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The administrative and judicial structures in occupied territory

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Chapter Summary

This chapter deals with the specific implication of the conservationist premises of the laws of occupation on administrative and judicial structures in occupied territories. It discusses the occupants authority to effectuate change in administrative institutions in occupied territories. The chapter reviews a detailed analysis of so-called occupation courts. The authority for belligerent occupation derives less from an international legal institution than from the sheer fact that they exert military power sufficient to control the territory. The occupying power is generally required to maintain local courts and must not alter the status of judges. There have been numerous examples of state practice effectuating the alterations in the administrative and judicial machineries on the basis of necessity exceptions. The introduction of a democratic political system is increasingly recognised as an indispensable requirement on the basis of the principle of self-determination of peoples.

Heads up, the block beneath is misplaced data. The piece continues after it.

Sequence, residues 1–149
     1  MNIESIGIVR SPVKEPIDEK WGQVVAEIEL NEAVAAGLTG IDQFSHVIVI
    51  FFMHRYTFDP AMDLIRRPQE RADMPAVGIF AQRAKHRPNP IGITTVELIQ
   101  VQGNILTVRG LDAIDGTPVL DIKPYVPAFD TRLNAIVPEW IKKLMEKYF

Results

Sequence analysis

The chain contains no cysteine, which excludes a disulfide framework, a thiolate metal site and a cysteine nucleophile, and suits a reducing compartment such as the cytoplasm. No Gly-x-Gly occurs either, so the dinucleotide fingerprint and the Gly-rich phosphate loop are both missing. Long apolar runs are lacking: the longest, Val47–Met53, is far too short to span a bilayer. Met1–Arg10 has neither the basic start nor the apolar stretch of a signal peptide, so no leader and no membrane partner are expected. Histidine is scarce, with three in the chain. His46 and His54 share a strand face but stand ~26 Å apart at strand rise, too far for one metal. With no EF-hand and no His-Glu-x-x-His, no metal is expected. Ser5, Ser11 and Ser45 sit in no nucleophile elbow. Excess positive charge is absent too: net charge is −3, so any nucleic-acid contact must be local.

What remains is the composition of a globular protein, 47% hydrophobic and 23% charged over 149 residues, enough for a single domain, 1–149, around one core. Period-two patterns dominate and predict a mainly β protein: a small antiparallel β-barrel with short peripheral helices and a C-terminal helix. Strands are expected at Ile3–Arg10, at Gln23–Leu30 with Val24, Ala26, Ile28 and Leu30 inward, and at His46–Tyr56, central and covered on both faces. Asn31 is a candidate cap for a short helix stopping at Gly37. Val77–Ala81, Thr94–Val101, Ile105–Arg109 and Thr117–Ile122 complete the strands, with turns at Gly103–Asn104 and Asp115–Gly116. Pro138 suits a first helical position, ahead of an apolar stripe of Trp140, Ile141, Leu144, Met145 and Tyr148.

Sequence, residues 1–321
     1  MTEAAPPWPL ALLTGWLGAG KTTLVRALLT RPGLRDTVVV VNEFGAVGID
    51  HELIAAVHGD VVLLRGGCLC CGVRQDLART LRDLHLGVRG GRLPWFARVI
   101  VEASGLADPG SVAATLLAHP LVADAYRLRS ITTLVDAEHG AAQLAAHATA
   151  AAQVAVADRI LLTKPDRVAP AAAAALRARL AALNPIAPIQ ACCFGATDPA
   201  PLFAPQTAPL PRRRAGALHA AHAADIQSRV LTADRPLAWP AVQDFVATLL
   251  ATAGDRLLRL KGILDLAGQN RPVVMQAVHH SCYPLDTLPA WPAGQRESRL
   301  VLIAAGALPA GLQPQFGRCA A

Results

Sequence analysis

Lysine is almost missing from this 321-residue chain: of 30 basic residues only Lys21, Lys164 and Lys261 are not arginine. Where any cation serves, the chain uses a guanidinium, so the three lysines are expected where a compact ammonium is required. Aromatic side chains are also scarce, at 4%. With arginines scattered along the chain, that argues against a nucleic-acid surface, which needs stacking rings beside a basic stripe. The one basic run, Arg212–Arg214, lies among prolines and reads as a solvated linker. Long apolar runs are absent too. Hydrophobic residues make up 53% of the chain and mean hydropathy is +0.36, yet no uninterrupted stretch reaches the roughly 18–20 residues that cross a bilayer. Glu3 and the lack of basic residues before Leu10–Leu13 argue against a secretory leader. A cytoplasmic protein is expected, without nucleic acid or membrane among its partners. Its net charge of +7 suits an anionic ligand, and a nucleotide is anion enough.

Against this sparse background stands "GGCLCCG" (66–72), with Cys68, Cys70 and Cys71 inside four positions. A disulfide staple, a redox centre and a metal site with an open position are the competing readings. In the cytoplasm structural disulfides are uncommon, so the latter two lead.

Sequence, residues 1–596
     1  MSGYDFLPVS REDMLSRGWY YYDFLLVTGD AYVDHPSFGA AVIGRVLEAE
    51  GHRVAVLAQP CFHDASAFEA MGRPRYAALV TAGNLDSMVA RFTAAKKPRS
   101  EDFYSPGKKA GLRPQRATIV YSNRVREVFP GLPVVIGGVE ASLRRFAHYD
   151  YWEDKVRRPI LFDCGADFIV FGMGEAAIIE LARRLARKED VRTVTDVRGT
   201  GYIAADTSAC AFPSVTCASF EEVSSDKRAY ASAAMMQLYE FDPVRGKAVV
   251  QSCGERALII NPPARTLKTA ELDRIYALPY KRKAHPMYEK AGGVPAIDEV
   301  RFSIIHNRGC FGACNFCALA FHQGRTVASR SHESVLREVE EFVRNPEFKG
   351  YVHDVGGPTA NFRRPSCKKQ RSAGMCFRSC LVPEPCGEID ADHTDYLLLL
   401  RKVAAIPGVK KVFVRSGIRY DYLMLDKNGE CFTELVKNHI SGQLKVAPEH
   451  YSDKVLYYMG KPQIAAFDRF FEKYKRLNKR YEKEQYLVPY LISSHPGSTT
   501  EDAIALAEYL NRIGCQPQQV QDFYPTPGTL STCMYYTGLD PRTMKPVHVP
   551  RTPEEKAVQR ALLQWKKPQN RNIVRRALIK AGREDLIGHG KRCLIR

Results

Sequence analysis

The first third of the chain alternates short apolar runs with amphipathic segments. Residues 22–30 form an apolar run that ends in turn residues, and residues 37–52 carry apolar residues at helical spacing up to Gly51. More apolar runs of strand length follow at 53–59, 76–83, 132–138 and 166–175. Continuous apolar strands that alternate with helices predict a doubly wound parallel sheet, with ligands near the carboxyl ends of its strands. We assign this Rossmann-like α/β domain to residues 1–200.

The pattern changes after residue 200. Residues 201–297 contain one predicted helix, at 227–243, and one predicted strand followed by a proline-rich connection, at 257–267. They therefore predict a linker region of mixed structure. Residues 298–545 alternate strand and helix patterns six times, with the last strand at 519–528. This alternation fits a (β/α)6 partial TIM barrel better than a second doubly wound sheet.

Keywords: administrative structures; belligerent occupation; democratic political system; judicial structures; occupation courts; occupied territory



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